The Promise of Hope: Charlie Glass Sarcoma Research Foundation

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Kathleen Glass Burk made a promise to her father, Charlie Glass, in his final days to find more experimental treatments, to find a cure so people could survive longer. “If I had one thing to do over, I would have fought harder and done more to find an experimental drug for him. I will continue my journey to fight for those diagnosed, to give them hope. I can’t tell you how much it hurts to feel so helpless watching someone who has no option, suffer when they are so ready to fight.”

   Nothing hurts worse than to lose someone you love, not to be able to do anything, watch them slip away from you day by day.  Daddys are especially hard to lose for daughters who love them so very much. Kathleen is making good on her promise to her Daddy.  She has started a foundation to fight the awful type of cancer that took her Daddy away. The Hope Promise, Charlie Glass Sarcoma Research Foundation is in its infancy, but has set a course to raise funds and awareness of a rare cancer, in adults, that gives you three to five years, at best.  Children get this cancer, but it is treatable in children. With adults, it is a death sentence. “The doctors said that it would be a miracle for Charlie to survive 3 years.  We continuously watched sarcoma patients, Charlie’s friends at MD Anderson, not win the battle with sarcoma due to the lack of experimental drug options. Despite the negative outcomes and repeated diagnosis, Charlie was not a quitter. The glass was always half full and never on the verge of empty, no matter how hard the fight was.” Kathleen went on to say, “Daddy was a healthy and active business and family man who was diagnosed with severe diverticulitis. However, those were just symptoms produced by something much bigger than today’s research could handle. He was diagnosed with sarcoma. His first tumor, 11 pounds and the size of a football was treated through radiation and removed by the amazing sarcoma team at MD Anderson in Houston, TX. MD Anderson accomplished the impossible not once but twice when Charlie’s second round of sarcoma came back with 23 tumors in his abdomen, almost impossible to treat. Sadly round 3 was too much for Charlie to survive, the aggressive cancer and damage from treatment overcame him.”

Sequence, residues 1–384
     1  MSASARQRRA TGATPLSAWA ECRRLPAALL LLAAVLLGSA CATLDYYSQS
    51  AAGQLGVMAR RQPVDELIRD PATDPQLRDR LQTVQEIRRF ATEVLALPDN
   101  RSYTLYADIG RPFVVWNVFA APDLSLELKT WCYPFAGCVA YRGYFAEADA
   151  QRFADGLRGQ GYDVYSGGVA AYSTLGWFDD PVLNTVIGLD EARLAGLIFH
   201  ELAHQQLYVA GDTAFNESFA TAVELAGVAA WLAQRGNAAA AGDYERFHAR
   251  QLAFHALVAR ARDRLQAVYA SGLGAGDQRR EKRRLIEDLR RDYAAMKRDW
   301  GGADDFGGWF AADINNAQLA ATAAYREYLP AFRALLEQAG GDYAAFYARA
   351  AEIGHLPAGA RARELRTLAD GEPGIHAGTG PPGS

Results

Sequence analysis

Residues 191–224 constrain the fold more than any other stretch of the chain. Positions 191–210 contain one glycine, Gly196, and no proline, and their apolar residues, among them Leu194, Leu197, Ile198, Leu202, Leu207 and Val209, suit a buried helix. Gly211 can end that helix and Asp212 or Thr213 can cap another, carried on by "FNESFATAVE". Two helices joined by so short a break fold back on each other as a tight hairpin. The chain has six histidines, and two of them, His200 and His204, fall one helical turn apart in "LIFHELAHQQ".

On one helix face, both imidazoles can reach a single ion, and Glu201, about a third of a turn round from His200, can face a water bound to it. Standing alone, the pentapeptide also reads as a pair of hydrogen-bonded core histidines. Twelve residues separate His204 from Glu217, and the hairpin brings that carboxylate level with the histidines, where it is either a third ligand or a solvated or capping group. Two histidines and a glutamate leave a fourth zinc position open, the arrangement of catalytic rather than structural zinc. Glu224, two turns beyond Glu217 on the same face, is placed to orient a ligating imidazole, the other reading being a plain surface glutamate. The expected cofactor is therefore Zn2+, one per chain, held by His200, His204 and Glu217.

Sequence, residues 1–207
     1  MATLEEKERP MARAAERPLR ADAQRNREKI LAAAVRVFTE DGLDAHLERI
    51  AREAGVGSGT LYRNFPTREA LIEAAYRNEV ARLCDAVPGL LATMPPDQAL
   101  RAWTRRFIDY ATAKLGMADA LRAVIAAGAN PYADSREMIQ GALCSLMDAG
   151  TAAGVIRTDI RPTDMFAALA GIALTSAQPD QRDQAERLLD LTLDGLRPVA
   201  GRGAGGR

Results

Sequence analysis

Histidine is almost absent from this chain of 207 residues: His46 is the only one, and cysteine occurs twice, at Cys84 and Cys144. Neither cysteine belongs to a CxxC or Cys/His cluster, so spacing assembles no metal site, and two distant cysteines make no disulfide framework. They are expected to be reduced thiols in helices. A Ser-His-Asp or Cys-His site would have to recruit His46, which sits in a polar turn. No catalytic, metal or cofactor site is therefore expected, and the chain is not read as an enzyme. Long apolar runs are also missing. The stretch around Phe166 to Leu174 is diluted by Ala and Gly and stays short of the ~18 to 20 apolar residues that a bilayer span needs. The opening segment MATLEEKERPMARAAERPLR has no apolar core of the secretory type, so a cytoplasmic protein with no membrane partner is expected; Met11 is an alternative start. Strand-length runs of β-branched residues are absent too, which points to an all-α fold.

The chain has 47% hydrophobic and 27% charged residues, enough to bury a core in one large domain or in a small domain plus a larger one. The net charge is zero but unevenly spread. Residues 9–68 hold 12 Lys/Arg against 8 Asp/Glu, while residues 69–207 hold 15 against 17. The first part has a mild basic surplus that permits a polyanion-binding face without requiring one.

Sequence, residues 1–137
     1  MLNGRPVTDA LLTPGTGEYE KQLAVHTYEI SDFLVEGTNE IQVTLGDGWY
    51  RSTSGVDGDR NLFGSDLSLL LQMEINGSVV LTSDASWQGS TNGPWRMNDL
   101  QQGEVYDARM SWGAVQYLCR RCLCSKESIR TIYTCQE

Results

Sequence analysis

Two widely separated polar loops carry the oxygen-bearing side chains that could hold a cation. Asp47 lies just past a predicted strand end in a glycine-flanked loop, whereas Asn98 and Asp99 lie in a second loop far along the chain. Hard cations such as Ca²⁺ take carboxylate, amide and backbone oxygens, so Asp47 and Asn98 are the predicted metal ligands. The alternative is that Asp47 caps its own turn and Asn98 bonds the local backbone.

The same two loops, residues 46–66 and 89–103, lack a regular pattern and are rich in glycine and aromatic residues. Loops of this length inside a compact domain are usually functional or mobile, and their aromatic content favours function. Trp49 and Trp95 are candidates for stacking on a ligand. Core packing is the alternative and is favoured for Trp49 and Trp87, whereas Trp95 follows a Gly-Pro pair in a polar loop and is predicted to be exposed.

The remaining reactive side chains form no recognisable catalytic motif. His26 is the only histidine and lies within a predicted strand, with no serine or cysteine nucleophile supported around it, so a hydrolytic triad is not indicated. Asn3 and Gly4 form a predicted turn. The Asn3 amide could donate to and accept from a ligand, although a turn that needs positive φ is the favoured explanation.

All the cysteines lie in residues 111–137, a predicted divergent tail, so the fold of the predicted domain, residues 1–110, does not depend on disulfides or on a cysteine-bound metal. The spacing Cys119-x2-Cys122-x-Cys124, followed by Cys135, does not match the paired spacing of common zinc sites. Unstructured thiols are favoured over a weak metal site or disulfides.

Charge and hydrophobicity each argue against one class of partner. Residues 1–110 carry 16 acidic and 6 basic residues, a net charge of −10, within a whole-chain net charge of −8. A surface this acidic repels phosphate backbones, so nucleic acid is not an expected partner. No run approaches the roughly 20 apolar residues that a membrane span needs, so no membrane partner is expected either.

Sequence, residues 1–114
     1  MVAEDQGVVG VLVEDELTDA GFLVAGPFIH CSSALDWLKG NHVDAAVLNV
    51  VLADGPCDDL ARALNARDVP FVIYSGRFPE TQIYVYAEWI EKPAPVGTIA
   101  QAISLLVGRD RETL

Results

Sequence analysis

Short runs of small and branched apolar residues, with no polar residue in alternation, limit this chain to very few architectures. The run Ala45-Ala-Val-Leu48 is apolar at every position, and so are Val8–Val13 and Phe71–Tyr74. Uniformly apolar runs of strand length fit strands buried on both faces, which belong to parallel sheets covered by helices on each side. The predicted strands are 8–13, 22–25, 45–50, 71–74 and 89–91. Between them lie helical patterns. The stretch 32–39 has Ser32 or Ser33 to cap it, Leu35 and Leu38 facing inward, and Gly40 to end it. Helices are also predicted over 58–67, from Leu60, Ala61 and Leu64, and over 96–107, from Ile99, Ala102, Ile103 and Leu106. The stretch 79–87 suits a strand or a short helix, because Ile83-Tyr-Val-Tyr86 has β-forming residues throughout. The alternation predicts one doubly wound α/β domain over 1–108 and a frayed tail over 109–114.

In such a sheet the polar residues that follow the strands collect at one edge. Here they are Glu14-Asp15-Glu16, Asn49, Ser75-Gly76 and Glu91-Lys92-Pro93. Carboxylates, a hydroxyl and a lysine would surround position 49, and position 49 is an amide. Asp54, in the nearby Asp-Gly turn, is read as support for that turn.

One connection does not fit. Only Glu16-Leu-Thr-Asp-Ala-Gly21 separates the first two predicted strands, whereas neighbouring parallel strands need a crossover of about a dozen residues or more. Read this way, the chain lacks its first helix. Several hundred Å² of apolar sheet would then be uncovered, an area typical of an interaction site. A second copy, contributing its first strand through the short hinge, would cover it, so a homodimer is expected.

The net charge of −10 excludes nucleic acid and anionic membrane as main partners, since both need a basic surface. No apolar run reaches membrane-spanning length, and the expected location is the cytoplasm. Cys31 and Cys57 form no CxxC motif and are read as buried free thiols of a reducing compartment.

When the tumors came back in round three, resources for treatment were running out. He HAD to be diagnosed with the rare cancer that is so underfunded and had no cure or real treatment plan. It was a 3-year survival rate at the time. No treatment, no clinical trials, nothing. Time was running out. “The worst thing you can be told, there is nothing left for us to do, was exactly what we heard.” Kathleen added, “However there was one more option, we could go to Canada for more chemo, but we learned that more chemo could either cause more cancer because it breaks down the body causing more vulnerability for cancer to take hold, or could destroy the cancer. Every single family member of Charlie’s began researching every option, every doctor, every possible life change Charlie could make that could save him. Was it worth the risk? So many unknowns for this cancer. He chose to go to Canada for treatment, then when that didn’t seem to get it, tried Mexico. Flying back to Houston, Charlie got extremely ill and had to be taken by ambulance where we discovered everything was shutting down. He no longer could eat and had to eat from a feeding tube making him weaker, in return making the trip to Houston for another surgery impossible. Memphis was recommended for surgery.”